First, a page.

There are four parties involved in floatation of a mutual fund, namely:- Sponsor – Any bank or financial institution or any other limited company who initiates the fund by subscribing minimum 10% of total fund size. The Sponsor constitutes the fund by virtue of Trust Deed; Trustee – Any bank or financial institution or any other limited company registered by the SEC to act as Trustee. The Trustee is the guardian of the fund and holds all capital assets of schemes of the Fund in trust on behalf of the unit holders; Asset Management Company – Any bank or financial institution or any other limited company registered by the SEC to act as an Asset Management Company. The Asset Management Company structures, operates and manages the schemes of the Fund approved by the Trustee and the Commission and in accordance with the provisions of the Trust Deed and the Rules; Custodian – Any bank or financial institution or depository or any other limited company registered by the SEC to act as Custodian. With special permission by the SEC the Trustee and the Custodian can be the same institution. The Custodian keeps the securities of the Fund in safe custody.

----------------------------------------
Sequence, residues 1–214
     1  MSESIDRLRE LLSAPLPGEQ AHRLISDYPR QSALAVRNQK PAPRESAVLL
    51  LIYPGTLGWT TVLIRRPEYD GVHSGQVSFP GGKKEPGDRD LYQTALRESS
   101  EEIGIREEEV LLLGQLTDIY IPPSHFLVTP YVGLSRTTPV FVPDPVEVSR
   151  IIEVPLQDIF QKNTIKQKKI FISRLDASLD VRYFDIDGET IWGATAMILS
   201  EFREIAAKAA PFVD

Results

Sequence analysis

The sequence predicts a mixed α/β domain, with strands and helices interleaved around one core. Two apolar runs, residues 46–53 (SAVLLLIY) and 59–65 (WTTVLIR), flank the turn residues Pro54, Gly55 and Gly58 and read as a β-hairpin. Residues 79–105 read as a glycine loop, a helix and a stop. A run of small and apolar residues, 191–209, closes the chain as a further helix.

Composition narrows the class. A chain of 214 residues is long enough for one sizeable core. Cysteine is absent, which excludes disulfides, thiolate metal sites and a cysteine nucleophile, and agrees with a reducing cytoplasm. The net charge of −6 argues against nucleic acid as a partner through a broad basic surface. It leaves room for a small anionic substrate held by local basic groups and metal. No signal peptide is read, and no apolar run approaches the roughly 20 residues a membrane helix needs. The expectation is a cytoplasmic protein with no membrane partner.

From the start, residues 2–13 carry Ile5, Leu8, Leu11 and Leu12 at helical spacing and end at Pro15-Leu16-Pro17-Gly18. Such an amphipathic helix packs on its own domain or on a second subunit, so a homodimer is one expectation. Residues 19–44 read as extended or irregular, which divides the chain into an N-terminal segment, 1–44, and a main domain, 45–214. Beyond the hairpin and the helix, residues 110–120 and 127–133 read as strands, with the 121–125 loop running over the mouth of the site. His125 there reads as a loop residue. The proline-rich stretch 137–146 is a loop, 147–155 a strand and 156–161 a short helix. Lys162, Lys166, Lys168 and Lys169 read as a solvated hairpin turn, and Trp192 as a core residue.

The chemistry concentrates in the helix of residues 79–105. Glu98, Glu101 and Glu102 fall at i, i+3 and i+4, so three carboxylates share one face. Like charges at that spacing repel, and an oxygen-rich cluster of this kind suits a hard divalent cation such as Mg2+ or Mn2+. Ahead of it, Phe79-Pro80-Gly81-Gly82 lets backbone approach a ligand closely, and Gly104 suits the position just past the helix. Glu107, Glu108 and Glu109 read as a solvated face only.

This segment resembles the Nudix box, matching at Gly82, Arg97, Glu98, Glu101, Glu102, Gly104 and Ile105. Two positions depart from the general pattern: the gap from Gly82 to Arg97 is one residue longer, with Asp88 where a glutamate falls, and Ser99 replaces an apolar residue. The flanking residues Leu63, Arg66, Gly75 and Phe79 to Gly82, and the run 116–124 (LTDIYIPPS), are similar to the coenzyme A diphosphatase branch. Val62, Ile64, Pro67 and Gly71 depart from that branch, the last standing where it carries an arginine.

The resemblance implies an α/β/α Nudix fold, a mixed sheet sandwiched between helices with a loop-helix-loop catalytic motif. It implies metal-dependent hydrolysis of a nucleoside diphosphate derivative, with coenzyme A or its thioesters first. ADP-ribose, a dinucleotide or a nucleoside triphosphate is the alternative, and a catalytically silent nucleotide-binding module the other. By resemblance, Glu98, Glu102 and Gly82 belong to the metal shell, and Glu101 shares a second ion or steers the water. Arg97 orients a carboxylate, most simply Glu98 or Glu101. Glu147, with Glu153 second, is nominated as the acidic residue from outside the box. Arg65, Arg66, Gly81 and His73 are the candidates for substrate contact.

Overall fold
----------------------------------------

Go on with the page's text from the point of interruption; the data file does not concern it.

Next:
Bangladesh Capital Market Development Master Plan 2012-2022 published in October 2012 by Securities and Exchange Commission states:

In the case of mutual finds we recognize that the legal and regulatory framework governing these collective investment schemes (CIS) may be overly restrictive and constraining and commit to undertaking a comprehensive overhaul of the mutual fund rules to broaden participation (of investors as well as operators), increase the variety of mutual funds, improve protections for investors, and eliminate the preferential treatment of state‐sponsored mutual funds to remove distortions and create a level playing field between state‐owned and private sector asset management companies. We also recognize the importance of establishing a mutual fund industry association to, among other things, promote the development and professionalization of the industry.